IONIZATION IN THE FIELD OF A STRONG ELECTROMAGNETIC WAVE. w = Affi /i(j) ( 1 + 'Y2 ),1, S 'Y /i(j)) Xexp{ ~ [sinh 1 vv (!t~~2''']}.


 Damon Horton
 1 years ago
 Views:
Transcription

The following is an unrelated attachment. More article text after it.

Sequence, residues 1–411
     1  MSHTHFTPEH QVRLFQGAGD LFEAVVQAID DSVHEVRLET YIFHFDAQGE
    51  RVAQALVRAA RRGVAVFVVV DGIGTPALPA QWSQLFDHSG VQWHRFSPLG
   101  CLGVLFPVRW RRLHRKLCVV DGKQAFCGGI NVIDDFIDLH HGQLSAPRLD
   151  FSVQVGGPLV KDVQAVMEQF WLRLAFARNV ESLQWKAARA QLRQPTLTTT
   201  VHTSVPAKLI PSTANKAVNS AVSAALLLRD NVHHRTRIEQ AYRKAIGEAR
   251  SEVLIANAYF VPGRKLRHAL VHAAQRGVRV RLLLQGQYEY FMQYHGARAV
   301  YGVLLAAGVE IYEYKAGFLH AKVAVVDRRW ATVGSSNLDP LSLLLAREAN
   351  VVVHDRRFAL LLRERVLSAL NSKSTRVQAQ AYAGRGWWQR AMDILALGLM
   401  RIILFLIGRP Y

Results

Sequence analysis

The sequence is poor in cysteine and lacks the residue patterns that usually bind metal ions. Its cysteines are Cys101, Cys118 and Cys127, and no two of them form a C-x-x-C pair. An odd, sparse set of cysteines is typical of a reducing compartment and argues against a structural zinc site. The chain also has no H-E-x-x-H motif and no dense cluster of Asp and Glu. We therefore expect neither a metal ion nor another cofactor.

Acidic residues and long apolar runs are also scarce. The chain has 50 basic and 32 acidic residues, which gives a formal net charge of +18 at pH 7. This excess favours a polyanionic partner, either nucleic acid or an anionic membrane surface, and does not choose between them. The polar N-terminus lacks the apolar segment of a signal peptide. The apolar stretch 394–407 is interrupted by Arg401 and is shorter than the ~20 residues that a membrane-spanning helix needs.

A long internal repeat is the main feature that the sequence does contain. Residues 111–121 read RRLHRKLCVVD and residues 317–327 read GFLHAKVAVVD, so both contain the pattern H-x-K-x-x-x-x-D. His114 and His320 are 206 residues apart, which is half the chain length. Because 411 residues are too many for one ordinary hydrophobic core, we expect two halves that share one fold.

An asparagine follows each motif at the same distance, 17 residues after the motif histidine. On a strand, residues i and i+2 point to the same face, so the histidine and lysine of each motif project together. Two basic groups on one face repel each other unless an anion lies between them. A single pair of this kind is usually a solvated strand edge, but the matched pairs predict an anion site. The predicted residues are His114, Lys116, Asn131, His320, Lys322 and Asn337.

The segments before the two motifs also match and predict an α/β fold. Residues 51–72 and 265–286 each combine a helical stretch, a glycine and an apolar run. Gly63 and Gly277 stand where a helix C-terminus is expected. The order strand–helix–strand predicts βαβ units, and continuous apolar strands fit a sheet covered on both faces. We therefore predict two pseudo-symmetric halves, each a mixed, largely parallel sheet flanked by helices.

1 SOVIET PHYSICS JETP VOLUME 20, NUMBER 5 MAY, 1965 IONIZATION IN THE FIELD OF A STRONG ELECTROMAGNETIC WAVE L. V.KELDYSH P. N. Lebedev Physics Institute, Academy of Sciences, U.S.S.R. Submitted to JETP editor May 23, 1964 J. Exptl. Theoret. Phys. (U.S.S.R.) 47, (November, 1964) Expressions are obtained for the probability of ionization of atoms and solid bodies in the field of a strong electromagnetic wave whose frequency is lower than the ionization potential. In the limiting case of low frequencies these expressions change into the well known formulas for the probability of tunnel autoionization; at high frequencies they describe processes in which several photons are absorbed simultaneously. The ionization probability has a number of resonance maxima due to intermediate transition of the atom to an excited state. In the vicinity of such a maximum the ionization cross section increases by several orders of magnitude. The positions and widths of the resonances depend on the field strength in the wave. It is shown that for optical frequencies the mechanism under consideration, of direct ionization by the wave field, may be significant in the case of electric breakdown in gases, and especially in condensed media. AN essential feature of the tunnel effect, a feature of importance in practical applications, is the practical absence of time lag. In other words, the probability of tunneling remains constant up to the highest frequencies of the radio band. The reason for this is that the tunneling time is determined essentially by the mean free time of the electron passing through a barrier of width l =I I ef, where lionization potential and Felectric field intensity. The average electron velocity is of the order of (I/m) 112 (melectron mass). Therefore, up to frequencies on the order of ffit = ef ll/2ml the tunnel effect is determined simply by the instantaneous value of the field intensity. At higher frequencies there should appear a frequency dependence of the tunneling probability, since the electron does not have time to jump through the barrier within one cycle. Values typical of the tunnel effect in semiconductors are I~ 1 ev, m ~ g, F ~ 105 V/cm, yielding Wt ~ sec1, i.e., the dispersion can be noticeable at infrared and optical frequencies. A similar estimate is obtained for atoms, where I ~ 10 ev, m = g, and F ~ 10 7 V/cm. With the appearance of lasers, the question of the tunnel effect at such frequencies became timely, since this is apparently the most effective mechanism for the absorption of highpower radiation in 1307 the transparency region. By transparency region we understand here the region of frequencies tiw < I, in which the substance is transparent to lowpower radiation. Recent papers report gas breakdown in the focus of a laser beam [ 1 2J. This group of questions was considered theoretically by Bunkin and Prokhorov[3]. At first glance there exists at such high frequencies still another absorption mechanism, which competes with the tunnel effect. We have in mind the multiphoton absorption, in which the transition of the electron into a free state is accompanied by simultaneous absorption of several quanta. We shall show, however, that the nature of these two effects is essentially the same. We shall obtain a common formula which goes over into the usual formula for the tunnel effect[ 4G] at low frequencies and very strong fields, when w «Wt, and describes multiphoton absorption when w» wt. In the simplest case of ionization of atoms, the general formula for the ionization probability is ( Io )'''( 'Y )'" ( To\ w = Affi /i(j) ( 1 + 'Y2 ),1, S 'Y /i(j)) Xexp{ ~ [sinh 1 vv (!t~~2''']}. 'Y = ffi I ffit = ffi(2mlo)'' I ef, (1) where the effective ionization potential is defined by To= Io + e 2 F 2 I 4mffi 2 = Io( V 2 ); (2)